The past several years have seen a slew of high-profile excessive force cases against law enforcement officers, often highlighted by cell phone video. These cases have placed increasing pressure on local police departments, which continue to struggle with balancing the public interest in community safety against the individual rights of suspects on the street. At the highest level of the legal landscape, however, the United States Supreme Court recently issued a decision that arguably expands the qualified immunity defense, at least in certain kinds of deadly force cases.
Mullenix v. Luna, 577 U.S. __, Index No. 14-1143, decided November 9, 2015, involved a high-speed chase in Tulia, Texas. Officers set up a “spike strip” beneath a bridge and took up nearby positions. As the suspect was speeding toward the bridge, another officer, Trooper Chadrin Mullenix, fired six shots at the suspect’s vehicle in an attempt to disable it before it reached the bridge. The car continued forward where it engaged the spike strip, hit the median, and rolled over two and a half times. It was later determined that the suspect was killed by Mullenix’s shots, four of which struck him in the upper body.
The suspect’s estate commenced an action pursuant to the Civil Rights Act of 1871 (42 U.S.C. §1983), alleging that Mullenix had used excessive force in violation of the suspect’s Fourth Amendment rights. Mullenix’s motion for summary judgment on grounds of qualified immunity was denied, the district court holding that there were fact issues as to whether the suspect posed an “imminent” threat. The Fifth Circuit affirmed. The U.S. Supreme Court accepted certiorari and reversed, holding that Trooper Mullenix was entitled to qualified immunity and dismissed the civil claim against him.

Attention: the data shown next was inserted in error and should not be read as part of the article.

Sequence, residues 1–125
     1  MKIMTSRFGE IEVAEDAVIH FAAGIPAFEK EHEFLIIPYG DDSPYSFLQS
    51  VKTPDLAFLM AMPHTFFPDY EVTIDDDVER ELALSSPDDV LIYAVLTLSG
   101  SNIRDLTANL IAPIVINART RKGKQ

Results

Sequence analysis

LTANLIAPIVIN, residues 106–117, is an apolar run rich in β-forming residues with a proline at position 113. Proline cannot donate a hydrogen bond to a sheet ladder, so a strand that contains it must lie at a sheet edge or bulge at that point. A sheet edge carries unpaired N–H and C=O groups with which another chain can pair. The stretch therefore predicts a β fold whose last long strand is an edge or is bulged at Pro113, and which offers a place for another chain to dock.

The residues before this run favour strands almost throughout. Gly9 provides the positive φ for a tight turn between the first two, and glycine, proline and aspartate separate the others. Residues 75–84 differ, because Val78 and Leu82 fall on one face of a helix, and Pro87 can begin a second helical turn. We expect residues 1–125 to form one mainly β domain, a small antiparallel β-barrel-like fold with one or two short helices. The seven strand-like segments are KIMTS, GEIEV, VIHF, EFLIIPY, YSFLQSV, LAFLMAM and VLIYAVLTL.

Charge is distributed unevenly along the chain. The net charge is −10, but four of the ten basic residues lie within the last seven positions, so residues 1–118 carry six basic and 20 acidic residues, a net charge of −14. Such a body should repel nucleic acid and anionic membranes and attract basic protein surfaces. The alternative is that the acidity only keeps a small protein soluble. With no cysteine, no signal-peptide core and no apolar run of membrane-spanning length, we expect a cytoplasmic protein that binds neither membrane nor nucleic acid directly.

It remains to be seen whether Mullenix will be applied outside the context of high-speed chases. Nevertheless, some general observations can be made at this time. First the Court rejected generalized definitions of “rights” for purposes of the qualified immunity defense. It is not enough to say that the use of excessive force violates the Fourth Amendment; the right must be defined in the context of the particular facts of each case. Second, the Court adopted a formulation of qualified immunity that is favorable to officers, finding, in effect, that if even one “reasonable officer” could disagree as to whether a right was clearly established in the circumstances facing the officer at the time, then the defense would apply. Finally, the Court stressed officer safety over what might be seen as a rash decision by an officer to use deadly force. In a dissenting opinion, Justice Sotomayor expressed the view that Trooper Mullenix had blindly and recklessly shot at a moving vehicle without giving the spike strip a chance to work. The majority opinion, issued per curium, put that concern to one side and focused instead on the risk to the officers stationed near the spike strip.
It should be interesting to see whether lower courts will apply Mullenix in deadly force cases that do not involve high speed car chases. In the meantime, the decision certainly offers support for arguments expanding the scope of the defense.
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